From Summit County, Castle Peak Trailhead is a hundred miles away. Climb over Independence Pass, drop through Aspen, and turn from the roundabout to Castle Creek Road. Castle Creek Road leads to a jeep road that is the beginning of a six-mile ascent to the summit of Castle Peak. The abandoned silver mining town of Ashcroft is nestled among aspen meadows on Castle Creek Road, ten miles below the remains of the Montezuma-Tam O’Shanter Mine. Continue reading

Time to comment on Arches National Park climbing plan

National Park Service developing new climbing and canyoneering management plan for Arches National Park.

Draft options include an enlightened adaptive management approach

By Summit Voice

SUMMIT COUNTY — The National Park Service has made some progress on a new climbing and canyoneering management plan at Arches National Park.

Four draft alternatives span a wide range of options, from a no action alternative that would leave the current rules in effect, to a climb anything, anywhere, anytime option, and a regulatory approach that would enact new restrictions.

Alternative B seems to be the middle-of-the-road approach, with an adaptive management approach based on careful monitoring. The draft alternatives are now open to public comment. After taking input, the park service will develop a more detailed study showing the relative impacts of each option. Continue reading

Access Fund supports Colorado wilderness proposals

Group says wilderness peaks an important part of climbing culture

A climbing access group says proposed new wilderness in Colorado would protect backcountry climbing areas.

By Summit Voice

SUMMIT COUNTY — Despite a few debates here and there on the ethics of bolting, climbers in general have always taken a progressive stance on land conservation, and the Access Fund this week continued that tradition by announcing its support for two pending Colorado wilderness proposals in the San Juans and on public federal lands in Summit and Eagle counties.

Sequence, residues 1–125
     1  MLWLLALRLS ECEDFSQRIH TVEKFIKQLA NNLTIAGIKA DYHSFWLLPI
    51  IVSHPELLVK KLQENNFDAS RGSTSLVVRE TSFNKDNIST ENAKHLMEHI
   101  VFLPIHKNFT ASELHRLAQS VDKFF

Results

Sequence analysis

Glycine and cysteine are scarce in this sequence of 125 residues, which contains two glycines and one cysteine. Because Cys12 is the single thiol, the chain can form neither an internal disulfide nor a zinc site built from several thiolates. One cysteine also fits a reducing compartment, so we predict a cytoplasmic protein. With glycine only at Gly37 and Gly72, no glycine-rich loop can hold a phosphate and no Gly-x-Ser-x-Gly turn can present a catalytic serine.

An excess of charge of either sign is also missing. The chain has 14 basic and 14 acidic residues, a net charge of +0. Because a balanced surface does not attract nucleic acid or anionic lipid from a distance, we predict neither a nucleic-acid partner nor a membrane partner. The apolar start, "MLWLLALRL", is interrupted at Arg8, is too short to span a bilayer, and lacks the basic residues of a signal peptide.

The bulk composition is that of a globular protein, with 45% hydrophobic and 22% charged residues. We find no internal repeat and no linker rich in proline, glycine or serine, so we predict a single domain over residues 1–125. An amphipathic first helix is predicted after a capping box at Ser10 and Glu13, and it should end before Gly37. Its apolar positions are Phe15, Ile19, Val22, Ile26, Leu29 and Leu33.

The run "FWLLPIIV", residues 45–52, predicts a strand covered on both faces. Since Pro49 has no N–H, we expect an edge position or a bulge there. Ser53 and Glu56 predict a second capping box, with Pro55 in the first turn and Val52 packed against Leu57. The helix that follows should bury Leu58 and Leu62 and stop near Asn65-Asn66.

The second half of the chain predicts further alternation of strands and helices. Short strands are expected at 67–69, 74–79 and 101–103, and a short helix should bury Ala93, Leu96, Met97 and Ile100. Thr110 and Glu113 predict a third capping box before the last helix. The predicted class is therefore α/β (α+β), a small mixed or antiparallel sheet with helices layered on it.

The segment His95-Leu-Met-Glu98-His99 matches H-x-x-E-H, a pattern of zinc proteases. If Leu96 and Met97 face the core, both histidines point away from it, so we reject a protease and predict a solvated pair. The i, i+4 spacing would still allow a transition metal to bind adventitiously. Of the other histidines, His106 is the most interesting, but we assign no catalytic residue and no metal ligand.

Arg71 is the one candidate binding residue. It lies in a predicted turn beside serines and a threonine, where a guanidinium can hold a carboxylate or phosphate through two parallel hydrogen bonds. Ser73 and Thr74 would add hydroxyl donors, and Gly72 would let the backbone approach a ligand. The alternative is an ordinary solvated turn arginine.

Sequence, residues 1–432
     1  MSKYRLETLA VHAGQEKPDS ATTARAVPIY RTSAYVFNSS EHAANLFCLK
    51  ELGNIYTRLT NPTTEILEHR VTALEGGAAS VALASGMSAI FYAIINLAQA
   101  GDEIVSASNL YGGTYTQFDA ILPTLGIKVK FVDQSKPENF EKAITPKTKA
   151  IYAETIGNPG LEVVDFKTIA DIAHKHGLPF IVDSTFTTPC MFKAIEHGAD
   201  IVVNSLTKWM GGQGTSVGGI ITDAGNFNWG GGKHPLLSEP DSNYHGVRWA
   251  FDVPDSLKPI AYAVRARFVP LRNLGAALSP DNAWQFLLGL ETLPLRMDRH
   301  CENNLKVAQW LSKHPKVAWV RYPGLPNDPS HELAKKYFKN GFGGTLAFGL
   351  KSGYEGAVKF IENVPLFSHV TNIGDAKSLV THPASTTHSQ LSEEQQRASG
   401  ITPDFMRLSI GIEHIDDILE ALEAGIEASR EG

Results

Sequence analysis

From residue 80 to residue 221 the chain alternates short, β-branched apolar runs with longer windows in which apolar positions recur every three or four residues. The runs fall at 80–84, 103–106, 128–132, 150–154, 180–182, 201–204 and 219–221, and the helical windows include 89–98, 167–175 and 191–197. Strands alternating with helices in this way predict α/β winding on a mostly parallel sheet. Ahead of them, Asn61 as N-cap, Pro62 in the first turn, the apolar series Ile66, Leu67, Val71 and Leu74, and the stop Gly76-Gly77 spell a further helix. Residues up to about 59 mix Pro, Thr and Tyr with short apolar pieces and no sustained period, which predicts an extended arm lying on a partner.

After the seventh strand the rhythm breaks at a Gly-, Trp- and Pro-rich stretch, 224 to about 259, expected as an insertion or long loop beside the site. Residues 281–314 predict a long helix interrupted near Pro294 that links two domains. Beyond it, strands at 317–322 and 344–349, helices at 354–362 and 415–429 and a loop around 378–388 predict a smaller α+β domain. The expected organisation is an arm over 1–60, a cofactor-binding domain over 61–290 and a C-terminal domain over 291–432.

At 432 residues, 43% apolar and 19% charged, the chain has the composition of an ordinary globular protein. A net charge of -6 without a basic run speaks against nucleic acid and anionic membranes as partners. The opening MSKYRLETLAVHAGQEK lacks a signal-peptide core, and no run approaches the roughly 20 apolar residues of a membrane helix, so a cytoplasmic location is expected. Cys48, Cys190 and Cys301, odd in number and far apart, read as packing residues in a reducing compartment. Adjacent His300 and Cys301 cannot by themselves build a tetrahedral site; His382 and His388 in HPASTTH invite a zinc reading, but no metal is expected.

The Access Fund is happy to join with recreation and conservation groups across the state to support these public land conservation initiatives that preserve backcountry climbing and recreation opportunities,” said Access Fund executive director Brady Robinson. “We support all types of climbing experiences, from the remote wilderness peaks to urban crags and bouldering areas. The opportunity to climb in protected wilderness areas is a key value that many climbers cherish. We hope our Colorado membership will contact their federal legislators in support of these proposals.” Continue reading

Opinion: Frisco climbing route stirs classic controversy

Online flame war over bolts on Mt. Royal

A photo by STAN WAGON shows the upper face of the now-controversial Royal Flush route.

By Bob Berwyn

SUMMIT COUNTY — A climbing route on Frisco’s very own Mt. Royal has triggered an intense debate on a climbing website, with comments breaking down along predictable lines. The route was established and bolted by local climbing guide Peter Krainz together with Tim Toula in 2009. It’s described as a traditional 20-pitch, 5.9 (Grade III) climb covering 1,500 vertical feet.

Initial feedback from complimented the pair for the hard work they put into establishing the route, but a subsequent comment thread turned nasty and sarcastic, with some self-proclaimed climbing purists claiming that there are too many bolts in the wall, calling the route unethical. Others responded that they don’t see a problem with the bolts in a semi-urban setting, where trucks roar past on a four-lane interstate highway. Continue reading